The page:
Always expecting the worst, he had come to believe he would never see his wife again, but she arrived safely, still alive, still his wife, and they were beside themselves with joy. Finally, the Air Force would leave them alone and they could be married again for a while.
The completion of their house had been further delayed, however, so they would live somewhere, anywhere, they didn't care. They were young. He was 20, she was 19.
The first night or two they stayed upstairs in his creepy lieutenant's house. The lieutenant had a scarcely visible wife and an ill-tempered toddler who was farmed out to a babysitter at every opportunity. Neither he nor his wife enjoyed the cranky and willful brat's company.
The lieutenant was not manly. He wore thick-lensed glasses and oiled his thinning hair as if he were living in the Fifties. He had fingers like bread sticks, long, thick, soft, with nails chewed off as far as his crooked front teeth could reach.
The first night, he showed them to their room and, like Norman Bates with his guest Marion Crane, helped them settle in, the towels are in here, jiggle the handle if the, uh, you know, if it keeps running, and it's okay to crack that window a bit.
Between her pregnancy and the 14-hour flight, the wife was exhausted, but the lieutenant kept coming into their bedroom to make sure everything was okay. He was clearly a pervert.
As soon as possible, the couple moved in with Vic and his new wife, Sharon, a big-boned, buxom blonde Aryan just a generation out of Berlin, but now a Texas cowgirl.The young man considered her legs shapely, but a few sizes too large for the runway and her clothes.
She liked to wear tops that revealed a generous amount of cleavage, and shorts that allowed onlookers to see roughly two inches of her buttocks. Vic's fellow airmen called her "sweet cheeks," behind her back and to her face. She called them "horny GIs."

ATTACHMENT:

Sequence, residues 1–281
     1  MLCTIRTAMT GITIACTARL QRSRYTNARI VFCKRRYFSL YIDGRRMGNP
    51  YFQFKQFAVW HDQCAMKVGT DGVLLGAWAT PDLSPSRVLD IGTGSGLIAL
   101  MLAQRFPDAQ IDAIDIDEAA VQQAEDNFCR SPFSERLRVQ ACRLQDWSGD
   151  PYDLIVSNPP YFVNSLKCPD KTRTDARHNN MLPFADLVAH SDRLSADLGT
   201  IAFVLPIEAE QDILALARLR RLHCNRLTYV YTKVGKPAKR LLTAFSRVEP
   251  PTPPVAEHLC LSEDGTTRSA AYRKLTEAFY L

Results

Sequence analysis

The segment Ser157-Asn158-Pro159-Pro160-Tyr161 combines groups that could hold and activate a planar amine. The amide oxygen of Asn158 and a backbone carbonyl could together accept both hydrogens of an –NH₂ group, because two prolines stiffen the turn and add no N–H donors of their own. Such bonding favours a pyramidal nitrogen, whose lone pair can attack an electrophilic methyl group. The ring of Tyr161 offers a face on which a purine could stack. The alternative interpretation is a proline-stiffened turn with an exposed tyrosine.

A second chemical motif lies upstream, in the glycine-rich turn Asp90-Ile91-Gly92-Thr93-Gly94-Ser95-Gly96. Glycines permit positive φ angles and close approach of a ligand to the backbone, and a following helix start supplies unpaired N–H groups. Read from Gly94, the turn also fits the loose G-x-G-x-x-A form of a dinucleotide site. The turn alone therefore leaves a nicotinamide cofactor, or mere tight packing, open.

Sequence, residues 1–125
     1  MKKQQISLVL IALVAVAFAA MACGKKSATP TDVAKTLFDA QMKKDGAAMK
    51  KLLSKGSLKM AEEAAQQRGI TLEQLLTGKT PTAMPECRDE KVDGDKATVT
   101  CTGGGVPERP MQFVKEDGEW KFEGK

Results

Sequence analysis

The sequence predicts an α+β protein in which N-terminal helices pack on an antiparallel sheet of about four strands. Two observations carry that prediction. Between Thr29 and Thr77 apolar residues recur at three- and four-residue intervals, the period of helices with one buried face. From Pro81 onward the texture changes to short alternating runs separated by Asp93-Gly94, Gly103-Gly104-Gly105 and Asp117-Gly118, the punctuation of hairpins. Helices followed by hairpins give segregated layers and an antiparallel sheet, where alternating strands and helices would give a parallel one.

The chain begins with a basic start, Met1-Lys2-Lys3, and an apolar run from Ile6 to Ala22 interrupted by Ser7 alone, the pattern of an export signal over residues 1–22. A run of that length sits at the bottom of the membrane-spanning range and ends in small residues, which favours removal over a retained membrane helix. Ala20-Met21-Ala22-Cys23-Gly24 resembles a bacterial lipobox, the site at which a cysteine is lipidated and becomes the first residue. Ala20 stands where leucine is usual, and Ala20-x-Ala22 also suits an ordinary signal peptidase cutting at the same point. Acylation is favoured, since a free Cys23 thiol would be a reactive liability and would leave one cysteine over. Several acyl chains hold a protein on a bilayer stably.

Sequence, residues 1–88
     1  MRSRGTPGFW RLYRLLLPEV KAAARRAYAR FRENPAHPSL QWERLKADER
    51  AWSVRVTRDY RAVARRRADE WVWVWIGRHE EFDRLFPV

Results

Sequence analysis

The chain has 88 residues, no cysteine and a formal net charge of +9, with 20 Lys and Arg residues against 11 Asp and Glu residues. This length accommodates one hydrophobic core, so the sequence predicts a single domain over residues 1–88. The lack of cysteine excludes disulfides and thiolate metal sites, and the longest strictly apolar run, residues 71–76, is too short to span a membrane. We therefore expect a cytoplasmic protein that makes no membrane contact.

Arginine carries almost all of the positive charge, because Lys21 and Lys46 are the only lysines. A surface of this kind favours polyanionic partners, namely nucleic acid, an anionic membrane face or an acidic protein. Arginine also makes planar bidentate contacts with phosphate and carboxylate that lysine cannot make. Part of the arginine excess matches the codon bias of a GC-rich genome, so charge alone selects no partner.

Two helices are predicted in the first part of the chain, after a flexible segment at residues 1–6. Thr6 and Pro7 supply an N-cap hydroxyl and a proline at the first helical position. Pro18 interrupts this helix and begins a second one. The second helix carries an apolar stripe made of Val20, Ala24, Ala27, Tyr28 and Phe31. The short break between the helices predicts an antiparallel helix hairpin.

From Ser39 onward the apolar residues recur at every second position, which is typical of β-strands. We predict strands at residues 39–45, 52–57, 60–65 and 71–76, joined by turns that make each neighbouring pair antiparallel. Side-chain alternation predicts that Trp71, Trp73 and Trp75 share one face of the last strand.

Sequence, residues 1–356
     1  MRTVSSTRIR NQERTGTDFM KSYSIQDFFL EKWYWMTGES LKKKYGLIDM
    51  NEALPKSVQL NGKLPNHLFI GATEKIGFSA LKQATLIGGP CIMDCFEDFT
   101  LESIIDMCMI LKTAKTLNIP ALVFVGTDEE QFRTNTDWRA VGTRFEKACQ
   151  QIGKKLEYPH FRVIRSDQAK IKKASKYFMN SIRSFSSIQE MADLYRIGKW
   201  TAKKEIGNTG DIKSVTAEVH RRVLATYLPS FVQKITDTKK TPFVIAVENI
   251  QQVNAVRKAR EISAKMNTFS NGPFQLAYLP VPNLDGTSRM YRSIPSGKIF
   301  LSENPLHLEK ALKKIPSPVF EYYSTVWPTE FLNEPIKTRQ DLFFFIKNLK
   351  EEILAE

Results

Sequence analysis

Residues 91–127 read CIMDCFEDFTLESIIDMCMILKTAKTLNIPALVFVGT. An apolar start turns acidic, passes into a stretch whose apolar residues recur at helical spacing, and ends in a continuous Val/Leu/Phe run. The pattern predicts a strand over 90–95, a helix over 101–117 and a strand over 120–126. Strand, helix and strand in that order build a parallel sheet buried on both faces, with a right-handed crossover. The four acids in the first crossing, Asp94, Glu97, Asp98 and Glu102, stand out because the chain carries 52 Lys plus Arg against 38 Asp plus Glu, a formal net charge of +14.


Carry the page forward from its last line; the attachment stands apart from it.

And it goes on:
But that was okay with Vic. He encouraged her to dress like that. He was shorter than his wife and a little tubby, and he was aware of the stereotype concerning Japanese men's lack of virility.
So having Sharon show off her boobs and sweet cheeks was his way of saying, "Take a look at what I sleep with every night and eat your hearts out!"
The man and his pregnant wife enjoyed Vic's and Karen's cooking. Vic made perfect sukiyaki, and Karen made the best Tex-Mex food the young couple had ever tasted, even though they had lived in San Angelo for nine months where his wife was a waitress at a Tex-Mex restaurant.
But the food was the only thing the couple liked about living with the recently married Vic and Sharon. The little Japanese house had only a living room and a bedroom. The young man and his pregnant wife slept on a cheap futon unfurled on a tatami floor. They were separated from the Takatas by a sliding door called a shoji that was literally paper thin.
So it was often difficult for the young guests to fall asleep. They could clearly hear the German American wife giving frequent, insistent instructions to her Japanese American husband, tirelessly tutoring him to become the efficient, effective lover she so richly deserved.
Sometimes doing his best was not enough.
Still, the young couple was happy. They joked about their lusty hosts and speculated about their soon-to-be new home and what it would be like to have a child. Their friends from their Texas days all assumed their baby would be a boy and would only refer to it by the husband's name. But the couple wanted to name him something else.
How about Stephen? Luke? Something strong. Maybe Daniel. The lions' den, and all of that.